The film is a coming of age story within a Gothic thriller.
Park Chan-wook’s ability to make haunting yet beautiful imagery envelopes the film. He’s adept at creating a mood that forebodes peril, as well as drumming up suspense and tension from the ordinary. Minute details are enhanced, such as a crawling spider or glass sliding on the table. In key scenes, the climax is cut off and revealed later on.
The performances are great, especially Mia Wasikowska, who uses body language and facial expressions as a withdrawn teenager. Matthew Goode is charming and cool yet subtly unsettling.
All of this makes for a technically brilliant, well-edited, and atmospheric film. However, it soon becomes obvious that there’s nothing beneath all that flair for the creepy.
The protagonist isn’t relatable. Characters disappear. Plot holes emerge along the way. The director teases you with suspense for more than half of the film but no actual threat is made clear, which makes everything drag on until the final act.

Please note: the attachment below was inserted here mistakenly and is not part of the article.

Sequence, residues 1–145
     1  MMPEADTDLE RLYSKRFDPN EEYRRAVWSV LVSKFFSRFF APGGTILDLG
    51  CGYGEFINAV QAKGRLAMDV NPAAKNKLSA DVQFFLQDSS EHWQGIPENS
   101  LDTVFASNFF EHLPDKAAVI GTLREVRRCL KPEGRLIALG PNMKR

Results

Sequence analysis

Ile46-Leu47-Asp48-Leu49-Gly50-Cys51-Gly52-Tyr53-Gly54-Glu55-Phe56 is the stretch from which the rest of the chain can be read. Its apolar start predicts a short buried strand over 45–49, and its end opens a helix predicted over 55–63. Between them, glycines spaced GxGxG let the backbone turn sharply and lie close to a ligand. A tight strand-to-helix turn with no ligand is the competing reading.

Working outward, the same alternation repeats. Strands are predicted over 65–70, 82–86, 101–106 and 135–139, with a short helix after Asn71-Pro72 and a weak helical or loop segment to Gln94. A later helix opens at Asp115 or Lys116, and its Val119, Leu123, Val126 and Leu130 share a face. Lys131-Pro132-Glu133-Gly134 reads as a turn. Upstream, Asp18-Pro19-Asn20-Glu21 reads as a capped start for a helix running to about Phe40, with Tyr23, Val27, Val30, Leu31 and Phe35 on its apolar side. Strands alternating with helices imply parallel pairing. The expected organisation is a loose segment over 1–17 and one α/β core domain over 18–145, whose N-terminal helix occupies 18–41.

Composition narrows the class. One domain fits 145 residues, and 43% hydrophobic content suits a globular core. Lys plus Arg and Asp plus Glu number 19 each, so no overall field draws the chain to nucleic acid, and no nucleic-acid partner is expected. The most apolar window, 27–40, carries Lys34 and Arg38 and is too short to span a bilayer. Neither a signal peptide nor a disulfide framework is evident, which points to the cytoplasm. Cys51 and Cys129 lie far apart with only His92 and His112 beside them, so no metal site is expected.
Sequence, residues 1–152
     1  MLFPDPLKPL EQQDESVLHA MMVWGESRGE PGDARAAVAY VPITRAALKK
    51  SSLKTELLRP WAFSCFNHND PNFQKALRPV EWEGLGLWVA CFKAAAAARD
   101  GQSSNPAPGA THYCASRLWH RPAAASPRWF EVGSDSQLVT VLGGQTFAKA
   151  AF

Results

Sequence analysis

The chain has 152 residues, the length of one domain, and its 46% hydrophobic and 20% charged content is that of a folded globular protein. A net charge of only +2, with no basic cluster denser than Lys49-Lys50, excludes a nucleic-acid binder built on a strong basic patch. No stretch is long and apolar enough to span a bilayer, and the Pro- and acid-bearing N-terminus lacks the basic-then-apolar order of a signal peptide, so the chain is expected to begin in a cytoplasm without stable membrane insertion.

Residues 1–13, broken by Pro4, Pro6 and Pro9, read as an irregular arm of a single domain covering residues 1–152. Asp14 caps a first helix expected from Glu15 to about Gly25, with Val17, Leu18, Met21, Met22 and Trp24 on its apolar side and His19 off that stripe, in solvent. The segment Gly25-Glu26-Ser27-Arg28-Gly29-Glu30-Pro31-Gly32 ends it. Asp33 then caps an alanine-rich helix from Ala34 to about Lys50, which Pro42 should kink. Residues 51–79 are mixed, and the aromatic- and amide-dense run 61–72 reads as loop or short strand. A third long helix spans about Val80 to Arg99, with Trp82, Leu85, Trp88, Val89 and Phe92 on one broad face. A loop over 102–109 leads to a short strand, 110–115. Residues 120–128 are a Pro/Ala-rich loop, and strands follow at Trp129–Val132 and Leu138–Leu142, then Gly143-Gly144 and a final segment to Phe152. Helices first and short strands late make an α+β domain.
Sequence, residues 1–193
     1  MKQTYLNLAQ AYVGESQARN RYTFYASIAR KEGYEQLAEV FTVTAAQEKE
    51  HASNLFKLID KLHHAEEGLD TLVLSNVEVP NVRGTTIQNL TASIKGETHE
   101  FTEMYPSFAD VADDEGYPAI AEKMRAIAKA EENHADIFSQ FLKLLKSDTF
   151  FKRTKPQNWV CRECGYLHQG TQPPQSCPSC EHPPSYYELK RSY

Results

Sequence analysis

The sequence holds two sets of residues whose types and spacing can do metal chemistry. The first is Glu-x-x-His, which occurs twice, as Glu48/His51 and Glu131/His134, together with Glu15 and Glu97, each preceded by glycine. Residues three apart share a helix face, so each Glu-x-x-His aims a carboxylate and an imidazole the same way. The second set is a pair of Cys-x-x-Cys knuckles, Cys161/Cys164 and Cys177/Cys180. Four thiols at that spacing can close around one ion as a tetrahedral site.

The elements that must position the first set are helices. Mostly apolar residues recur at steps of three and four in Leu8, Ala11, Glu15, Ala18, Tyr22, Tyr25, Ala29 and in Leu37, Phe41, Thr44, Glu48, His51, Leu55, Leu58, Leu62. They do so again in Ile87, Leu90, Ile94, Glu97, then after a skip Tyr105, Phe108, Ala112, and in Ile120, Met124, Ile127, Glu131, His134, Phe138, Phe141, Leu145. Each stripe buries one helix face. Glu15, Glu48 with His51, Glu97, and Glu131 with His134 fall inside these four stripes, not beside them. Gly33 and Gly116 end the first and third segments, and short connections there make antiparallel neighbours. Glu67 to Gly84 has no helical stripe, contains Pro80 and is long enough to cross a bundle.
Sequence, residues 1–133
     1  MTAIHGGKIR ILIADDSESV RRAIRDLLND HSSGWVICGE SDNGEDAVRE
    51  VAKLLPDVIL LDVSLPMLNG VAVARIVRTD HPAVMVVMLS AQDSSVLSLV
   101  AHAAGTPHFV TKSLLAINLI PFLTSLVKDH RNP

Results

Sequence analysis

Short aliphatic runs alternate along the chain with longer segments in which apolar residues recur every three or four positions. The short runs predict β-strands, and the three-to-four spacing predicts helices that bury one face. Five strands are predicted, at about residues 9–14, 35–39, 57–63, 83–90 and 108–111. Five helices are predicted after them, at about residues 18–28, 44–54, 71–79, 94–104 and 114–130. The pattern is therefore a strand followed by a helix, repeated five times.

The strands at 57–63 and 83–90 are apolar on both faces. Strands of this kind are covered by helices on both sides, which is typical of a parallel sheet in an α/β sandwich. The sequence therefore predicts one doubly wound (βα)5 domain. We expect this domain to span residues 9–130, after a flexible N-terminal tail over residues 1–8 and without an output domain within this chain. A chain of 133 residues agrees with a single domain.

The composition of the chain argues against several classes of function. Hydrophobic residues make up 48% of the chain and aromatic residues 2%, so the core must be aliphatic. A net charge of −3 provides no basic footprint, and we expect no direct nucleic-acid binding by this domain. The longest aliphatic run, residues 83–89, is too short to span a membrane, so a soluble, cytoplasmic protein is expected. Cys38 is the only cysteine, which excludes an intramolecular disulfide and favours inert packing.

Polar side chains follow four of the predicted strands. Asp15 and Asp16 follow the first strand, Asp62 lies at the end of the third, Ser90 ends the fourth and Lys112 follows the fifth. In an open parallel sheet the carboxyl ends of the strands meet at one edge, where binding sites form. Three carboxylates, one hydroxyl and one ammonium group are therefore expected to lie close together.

When the film finally unravels, there’s no emotional impact because the narrative isn’t compelling. The lead and other characters aren’t complex enough to give the coming of age story any dramatic heft.
Stoker is supposed to be a sinister character study, but the film merely manages to stir up imagined fears, like that creepy porcelain doll at the corner that you think is going to move but doesn’t.
Stoker is a stylish Park Chan-wook feature with empty scares and unrelatable characters.